On to Namibia
People sometimes ask me,” if you could only go to one country in Africa, what would it be?” I tell them to go to Namibia where the land and the people are as diverse as ten countries. Of course, one must go to the Etosha Pan and feel your soul moved by the elephants, giraffe, lion, rhino, zebra and such. Of course, you must go to Soussevlei where climbing the world’s largest dunes will take your breath away. You must go to the Skeleton Coast where the raging sea and rocky coast will chill your body and stoke your soul. You can visit the land of at least ten ethnic groups and study the harrowing history of the Herero and the Nama.
Or you could go to a boarding school in the desert and teach eighth graders how to speak, read, and write in English. You can coach track and cringe with worry as the runners race barefooted across the rocky ground. You can re-open a library that closed 20 years ago and fill the air with dust as you wipe off each book. You can start a poetry club and hold back your tears as the stories of the children unfold. You can start an art club because even though you have no skill to offer, you can see that the students do. You can begin a chess club with one of your favorite teachers and watch the fierce competitions unfold. You can bake cookies for the children at the orphanage and fly kites and play tag. And never ever rest for there is so much to be done. When you leave, a young girl will sing softly to you and your tears will mingle. Your heart will be filled with love and gratitude and sorrow.
And then history and heartbreak of Rwanda
I never dreamed I would go to live in Rwanda where genocide once swept through the land and 800,000 people were murdered in 100 days. I never dreamed I would live in the land of one thousand hills and become neighbors with both the Hutu and Tsutsi. I did not know that the country had healed enough to live in peace. I did not know that the Peace Corps had returned to provide help in agriculture, business, and education.
Kirk and I joined a small group of Response volunteers at the Peace Corps Office in Kigali for a ten-day training. We studied Kinyarwanda and learned basic greetings and exchanges. We learned about the technical school where we would be teaching, the goal of developing English-speaking skills related to the vocations of our students. And we visited the Genocide Memorial where 250,000 victims are interred. Hundreds of thousands of the remains of people who had been slaughtered are buried throughout the country. We laid a wreath and wept. And wept. The children’s room seared our beings.
Kigali is a beautiful city with a pristine center and modern development. But make your way to our village and see the paved roads give way to dirt and rock paths. Hold your breath as the Peace Corps truck descends into craters and your head bangs against the window. Up and round the mountains with only a prayer to hold on to. Lush greenery everywhere. Bananas and mangos and avocados. Women carrying the world upon their heads. Small shacks, mud huts, goats, and sheep. Arrive at our boarding school and exhale. Wash your face and hands and begin your work.
We learned to navigate our way to the small shops where only Kinyarwandan was spoken. We made our way through the market where my cheeks flushed as sellers yelled “Mizungu” (white person). So many children swarmed around us wherever we went, rubbing our skin and hair, crowding so tightly that I thought I would faint. We climbed mountains and rode our bicycles for miles.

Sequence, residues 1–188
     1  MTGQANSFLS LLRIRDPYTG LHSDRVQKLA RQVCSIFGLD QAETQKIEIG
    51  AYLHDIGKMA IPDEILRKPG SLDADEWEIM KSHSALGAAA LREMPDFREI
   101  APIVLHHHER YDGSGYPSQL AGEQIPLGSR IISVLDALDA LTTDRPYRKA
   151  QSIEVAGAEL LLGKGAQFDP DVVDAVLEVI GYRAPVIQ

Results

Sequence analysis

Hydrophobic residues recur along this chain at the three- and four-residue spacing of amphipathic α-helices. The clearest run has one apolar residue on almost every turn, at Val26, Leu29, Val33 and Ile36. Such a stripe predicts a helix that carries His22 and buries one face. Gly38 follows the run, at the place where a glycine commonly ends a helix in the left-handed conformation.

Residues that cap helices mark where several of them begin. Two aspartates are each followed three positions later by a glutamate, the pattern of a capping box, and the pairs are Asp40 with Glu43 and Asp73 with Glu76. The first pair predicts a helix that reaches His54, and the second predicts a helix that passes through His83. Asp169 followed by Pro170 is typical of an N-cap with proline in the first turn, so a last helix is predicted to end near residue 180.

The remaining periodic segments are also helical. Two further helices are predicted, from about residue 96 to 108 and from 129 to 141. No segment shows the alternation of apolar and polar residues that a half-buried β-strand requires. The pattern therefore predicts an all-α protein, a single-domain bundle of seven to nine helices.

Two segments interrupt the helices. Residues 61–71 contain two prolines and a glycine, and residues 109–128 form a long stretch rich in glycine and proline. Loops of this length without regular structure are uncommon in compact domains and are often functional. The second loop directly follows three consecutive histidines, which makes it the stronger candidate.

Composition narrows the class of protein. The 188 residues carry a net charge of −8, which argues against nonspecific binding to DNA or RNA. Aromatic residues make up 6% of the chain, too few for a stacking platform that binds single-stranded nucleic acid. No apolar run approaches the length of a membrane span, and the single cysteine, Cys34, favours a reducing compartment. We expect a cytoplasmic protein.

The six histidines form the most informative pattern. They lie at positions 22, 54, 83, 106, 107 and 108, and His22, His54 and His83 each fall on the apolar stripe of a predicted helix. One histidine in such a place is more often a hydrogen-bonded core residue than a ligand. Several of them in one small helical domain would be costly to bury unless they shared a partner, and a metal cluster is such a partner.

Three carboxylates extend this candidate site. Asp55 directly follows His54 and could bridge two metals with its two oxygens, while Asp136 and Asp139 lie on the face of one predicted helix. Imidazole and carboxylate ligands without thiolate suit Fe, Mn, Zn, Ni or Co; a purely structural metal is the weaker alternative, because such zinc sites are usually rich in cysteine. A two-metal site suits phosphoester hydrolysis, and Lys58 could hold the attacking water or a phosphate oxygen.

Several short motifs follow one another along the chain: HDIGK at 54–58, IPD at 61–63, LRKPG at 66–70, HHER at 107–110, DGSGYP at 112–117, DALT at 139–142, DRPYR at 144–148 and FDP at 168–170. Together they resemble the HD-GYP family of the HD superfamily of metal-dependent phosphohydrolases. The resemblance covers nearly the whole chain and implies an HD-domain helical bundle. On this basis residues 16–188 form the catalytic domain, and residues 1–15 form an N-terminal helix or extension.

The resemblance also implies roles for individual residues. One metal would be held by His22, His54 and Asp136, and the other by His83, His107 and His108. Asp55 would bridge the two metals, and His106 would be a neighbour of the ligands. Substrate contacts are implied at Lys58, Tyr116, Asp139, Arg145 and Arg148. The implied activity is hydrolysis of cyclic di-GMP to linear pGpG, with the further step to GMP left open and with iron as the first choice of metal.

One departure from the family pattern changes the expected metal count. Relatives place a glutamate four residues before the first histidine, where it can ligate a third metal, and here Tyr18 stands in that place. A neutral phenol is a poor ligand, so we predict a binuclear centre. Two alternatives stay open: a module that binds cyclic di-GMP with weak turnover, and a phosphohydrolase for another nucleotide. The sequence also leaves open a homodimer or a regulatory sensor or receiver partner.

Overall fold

And we became a part of our village. Called by name, not by mizungu. Holding hands and laughing with the children. Asking the shop owner “Ndaka shaka……” “I would like…..” Joining the students for 5 a.m. runs on Saturday mornings. Building roads on Umuganda, the monthly day of service. Baking cakes with colleagues. Kirk playing soccer with the staff. Teaching with all I knew. Teaching with all my heart. Learning with all my heart. Oh, I was happy.
Home to family
Now home again with our extended family in the Finger Lakes, I hiked through the snowy vineyards with my husband and the quiet beauty filled me right up. I cooked the most delicious whole grain blueberry pancakes, served them with NYS maple syrup and coffee grown in Uganda where our daughter and her husband served two years as Peace Corps Volunteers. My son and his pregnant wife sat with us and we talked of our grandchild, who will soon come into the world. My California son texts me that my first born grandson has declared that I bake the best cookies: ”Grandma Riri is the record holder”. We have facetimed with my daughter and her one-year-old son in Baltimore. His sweet face lit with joy to see us. Ours, to see him.
As I write, I can hear the music coming from the basement where my husband is working on a project. He sings along to The Band and I smile to hear him. I am well aware of the ebb and flow of my life’s journeys, the times of big doings, the times of quietude. I know, right now, small doings are just right.
And I know my next journey is just around the corner.
The Wonder of Teaching and Learning
Marie Fitzsimmons, 64, is a retired high school social studies teacher and four time Peace Corps Volunteer. She lives in an old farmhouse on Seneca Lake in Upstate New York with her husband Kirk and revels in vineyard hikes, forest trail runs, and calm water kayaking. She and Kirk have three grown children and are looking forward to the arrival of their fifth grandchild. She and Kirk will soon be joining Peace Corps friends to hike Machu Picchu for Kirk's 68th birthday.